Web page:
Rating Impact, not theoretical severity, is goal of ‘Non-Intrusive and Context-Based Vulnerability Scoring’
If you’re in charge of a couple of thousand boxen, you can’t patch every vulnerability report at once, so sysadmins will welcome help sorting out their priorities.
That’s what a couple of researchers hope to offer in what they call NCVS, the Non-Intrusive and Context-Based Vulnerability Scoring framework: making sense of the risks in a complex cloud.
The idea is that because a in cloud environment – the test the paper uses is a 16-machine Hadoop cluster behind eight switches, but a real cloud is much bigger – the importance of any single vulnerability depends on its context.
A MySQL instance might, the authors note, be subject to a vulnerability that scores high on the Common Vulnerability Scoring System (CVSS).
In practice, however, it might only be launched when an event logging system needs it, and only used internally (that is, it’s not facing the Internet) – putting it lower on the patch-list than a moderate network time protocol bug in a publicly-visible router.
That’s what the EPFL (École Polytechnique Fédérale de Lausanne in Switzerland) pair, Hao Zhuang and Karl Aberer, are trying to fix: they want to add systems’ contexts to the vulnerability scoring.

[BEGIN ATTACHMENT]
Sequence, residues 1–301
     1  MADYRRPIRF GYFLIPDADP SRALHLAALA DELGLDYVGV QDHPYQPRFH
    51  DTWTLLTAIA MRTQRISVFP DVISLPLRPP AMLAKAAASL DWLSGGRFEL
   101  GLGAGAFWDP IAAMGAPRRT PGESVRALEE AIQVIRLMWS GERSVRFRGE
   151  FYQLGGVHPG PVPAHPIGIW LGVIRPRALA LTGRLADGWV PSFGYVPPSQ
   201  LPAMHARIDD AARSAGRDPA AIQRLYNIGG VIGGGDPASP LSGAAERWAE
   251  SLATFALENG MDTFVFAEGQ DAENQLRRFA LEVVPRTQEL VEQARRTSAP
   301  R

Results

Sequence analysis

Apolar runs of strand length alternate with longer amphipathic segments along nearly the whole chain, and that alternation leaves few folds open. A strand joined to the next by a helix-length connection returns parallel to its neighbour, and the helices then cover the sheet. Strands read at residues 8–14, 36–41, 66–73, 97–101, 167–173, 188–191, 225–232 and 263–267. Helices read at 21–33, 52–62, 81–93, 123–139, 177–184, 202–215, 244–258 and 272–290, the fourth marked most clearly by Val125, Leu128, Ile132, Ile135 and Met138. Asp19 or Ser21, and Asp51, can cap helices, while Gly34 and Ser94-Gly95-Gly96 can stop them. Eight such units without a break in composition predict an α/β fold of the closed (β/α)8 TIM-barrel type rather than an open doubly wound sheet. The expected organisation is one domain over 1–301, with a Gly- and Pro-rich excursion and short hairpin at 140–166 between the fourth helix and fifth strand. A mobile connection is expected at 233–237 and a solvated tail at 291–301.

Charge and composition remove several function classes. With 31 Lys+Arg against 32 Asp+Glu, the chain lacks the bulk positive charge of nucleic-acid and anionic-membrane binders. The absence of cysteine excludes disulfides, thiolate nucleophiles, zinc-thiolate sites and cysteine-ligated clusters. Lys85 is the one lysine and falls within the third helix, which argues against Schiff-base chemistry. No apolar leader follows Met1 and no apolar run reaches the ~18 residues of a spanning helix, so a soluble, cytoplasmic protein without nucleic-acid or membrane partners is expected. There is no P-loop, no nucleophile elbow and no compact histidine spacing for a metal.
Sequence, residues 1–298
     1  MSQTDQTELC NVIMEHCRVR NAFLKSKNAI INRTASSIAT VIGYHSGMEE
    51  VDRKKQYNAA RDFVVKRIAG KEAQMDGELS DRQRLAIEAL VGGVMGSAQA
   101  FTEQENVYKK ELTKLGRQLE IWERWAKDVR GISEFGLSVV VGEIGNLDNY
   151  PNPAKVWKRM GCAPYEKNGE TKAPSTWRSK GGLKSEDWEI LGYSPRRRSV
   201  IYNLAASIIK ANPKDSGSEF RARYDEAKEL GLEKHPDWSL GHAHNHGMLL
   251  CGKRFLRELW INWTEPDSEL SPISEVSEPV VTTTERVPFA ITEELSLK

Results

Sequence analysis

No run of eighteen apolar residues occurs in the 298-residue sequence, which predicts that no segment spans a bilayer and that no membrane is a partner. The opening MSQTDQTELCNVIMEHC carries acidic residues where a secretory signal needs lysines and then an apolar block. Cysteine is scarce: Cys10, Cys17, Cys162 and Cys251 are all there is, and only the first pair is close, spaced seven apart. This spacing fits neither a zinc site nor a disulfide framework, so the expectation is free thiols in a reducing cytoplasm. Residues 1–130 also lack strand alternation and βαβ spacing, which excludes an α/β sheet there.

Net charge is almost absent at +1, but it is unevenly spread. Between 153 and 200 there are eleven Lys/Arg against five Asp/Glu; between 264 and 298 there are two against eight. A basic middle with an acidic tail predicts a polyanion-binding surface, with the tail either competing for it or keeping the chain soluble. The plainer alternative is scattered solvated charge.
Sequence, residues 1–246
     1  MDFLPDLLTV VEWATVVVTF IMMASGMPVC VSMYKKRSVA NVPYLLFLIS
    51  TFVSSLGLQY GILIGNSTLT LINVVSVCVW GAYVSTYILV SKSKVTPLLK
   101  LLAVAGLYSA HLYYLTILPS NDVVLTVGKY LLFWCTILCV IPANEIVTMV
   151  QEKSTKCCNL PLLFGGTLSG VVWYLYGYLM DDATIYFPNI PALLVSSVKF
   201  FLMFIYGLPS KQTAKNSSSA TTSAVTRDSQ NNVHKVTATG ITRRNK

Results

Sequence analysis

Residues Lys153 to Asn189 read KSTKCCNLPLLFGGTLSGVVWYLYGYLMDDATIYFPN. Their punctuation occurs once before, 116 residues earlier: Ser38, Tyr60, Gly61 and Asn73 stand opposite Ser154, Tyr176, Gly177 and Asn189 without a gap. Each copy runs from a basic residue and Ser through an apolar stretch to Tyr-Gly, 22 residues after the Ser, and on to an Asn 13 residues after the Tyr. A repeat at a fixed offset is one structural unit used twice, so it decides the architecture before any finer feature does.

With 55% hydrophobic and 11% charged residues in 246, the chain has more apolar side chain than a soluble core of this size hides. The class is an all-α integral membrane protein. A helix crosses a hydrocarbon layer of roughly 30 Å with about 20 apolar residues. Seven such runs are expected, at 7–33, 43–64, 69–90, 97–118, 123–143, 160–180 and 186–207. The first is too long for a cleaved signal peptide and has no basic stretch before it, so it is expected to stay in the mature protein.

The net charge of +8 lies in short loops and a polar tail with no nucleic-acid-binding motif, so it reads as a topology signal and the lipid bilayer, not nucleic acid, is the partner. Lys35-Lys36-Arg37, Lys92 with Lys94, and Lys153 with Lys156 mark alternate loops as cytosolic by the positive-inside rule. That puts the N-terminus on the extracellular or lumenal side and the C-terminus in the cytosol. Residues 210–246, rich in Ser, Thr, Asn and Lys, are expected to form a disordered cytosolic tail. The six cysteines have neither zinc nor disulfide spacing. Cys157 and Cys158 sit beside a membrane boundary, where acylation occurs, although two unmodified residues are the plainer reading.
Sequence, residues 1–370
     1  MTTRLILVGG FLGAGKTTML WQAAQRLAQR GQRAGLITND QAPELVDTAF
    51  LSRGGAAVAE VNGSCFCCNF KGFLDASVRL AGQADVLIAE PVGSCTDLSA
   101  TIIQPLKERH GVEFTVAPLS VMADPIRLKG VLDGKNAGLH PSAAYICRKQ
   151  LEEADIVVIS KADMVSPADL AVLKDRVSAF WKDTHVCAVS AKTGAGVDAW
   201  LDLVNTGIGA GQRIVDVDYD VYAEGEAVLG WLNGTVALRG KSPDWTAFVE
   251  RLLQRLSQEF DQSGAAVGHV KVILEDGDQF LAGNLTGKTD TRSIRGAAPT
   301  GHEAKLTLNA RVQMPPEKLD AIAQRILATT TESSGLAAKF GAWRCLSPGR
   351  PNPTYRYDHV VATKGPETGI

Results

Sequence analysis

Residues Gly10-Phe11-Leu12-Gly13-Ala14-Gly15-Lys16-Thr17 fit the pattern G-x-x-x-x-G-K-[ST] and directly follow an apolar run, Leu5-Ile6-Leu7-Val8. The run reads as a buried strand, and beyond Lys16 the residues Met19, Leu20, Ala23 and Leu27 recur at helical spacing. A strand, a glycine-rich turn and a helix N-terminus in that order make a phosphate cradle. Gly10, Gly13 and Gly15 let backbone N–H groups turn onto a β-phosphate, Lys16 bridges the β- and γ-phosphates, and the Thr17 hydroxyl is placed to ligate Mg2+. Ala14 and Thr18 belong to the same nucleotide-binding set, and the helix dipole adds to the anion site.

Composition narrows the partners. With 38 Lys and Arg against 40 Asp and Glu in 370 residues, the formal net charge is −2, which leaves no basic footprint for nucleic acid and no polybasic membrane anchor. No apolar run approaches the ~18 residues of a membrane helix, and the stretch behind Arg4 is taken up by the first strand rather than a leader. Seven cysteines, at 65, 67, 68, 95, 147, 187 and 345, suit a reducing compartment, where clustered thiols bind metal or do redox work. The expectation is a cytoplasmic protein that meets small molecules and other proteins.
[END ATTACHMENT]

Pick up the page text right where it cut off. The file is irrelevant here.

That provides two things: a score that ranks a whole cloud, by taking into account the contexts of its different systems; and it helps sysadmins prioritise their patches, when confronted with a couple of dozen vulnerability reports all landing at 4PM on Friday afternoon.
NVCS is designed to automatically scan an environment (from the inside, it’s not yet-another-Shodan) without heavy instrumentation; rather, they write, it’s a “non-intrusive approach capable of collecting three types of contextual information by mining log information and network traffic”.
The system then uses something akin to a PageRank to graph the network it’s discovered, so as to score and prioritise the vulnerabilities that exist in the system.
In building their ranking, NCVS is designed to take into account hardware dependencies (what switches is a vulnerable router connected to, or what servers connect to those switches?); software dependencies (what operating system and applications are running on each node?) and network dependencies (for a given activity, what IP addresses, ports, and protocols are used?).
To put the resulting hierarchy of vulnerabilities to the test, the pair took their test Hadoop cluster and Cisco network (not stipulated, but the listed vulnerabilities were Cisco publications) with ten vulnerabilities, and treated it as if it had been compromised and taken completely offline.
The vulnerability matrix in the NCVS test environment
Their claim is that patching vulnerabilities in the order given by their NCVS score brought the system back online faster than fixing them in order of CVE severity.
As they explain:
We observe that fixing vulnerabilities according to the scores output by NCVS can recover the capability of the Hadoop cluster much faster than fixing vulnerabilities based on CVSS ranking list.
Thus, we can say NCVS can output more meaningful vulnerabilities’ scores than CVSS since NCVS takes into account the context of the target service.
That’s because NCVS tends to rate network vulns as worse than their CVSS scores might indicate; and because NCVS rates a vulnerability in a Hadoop master as more important than in a slave. ®
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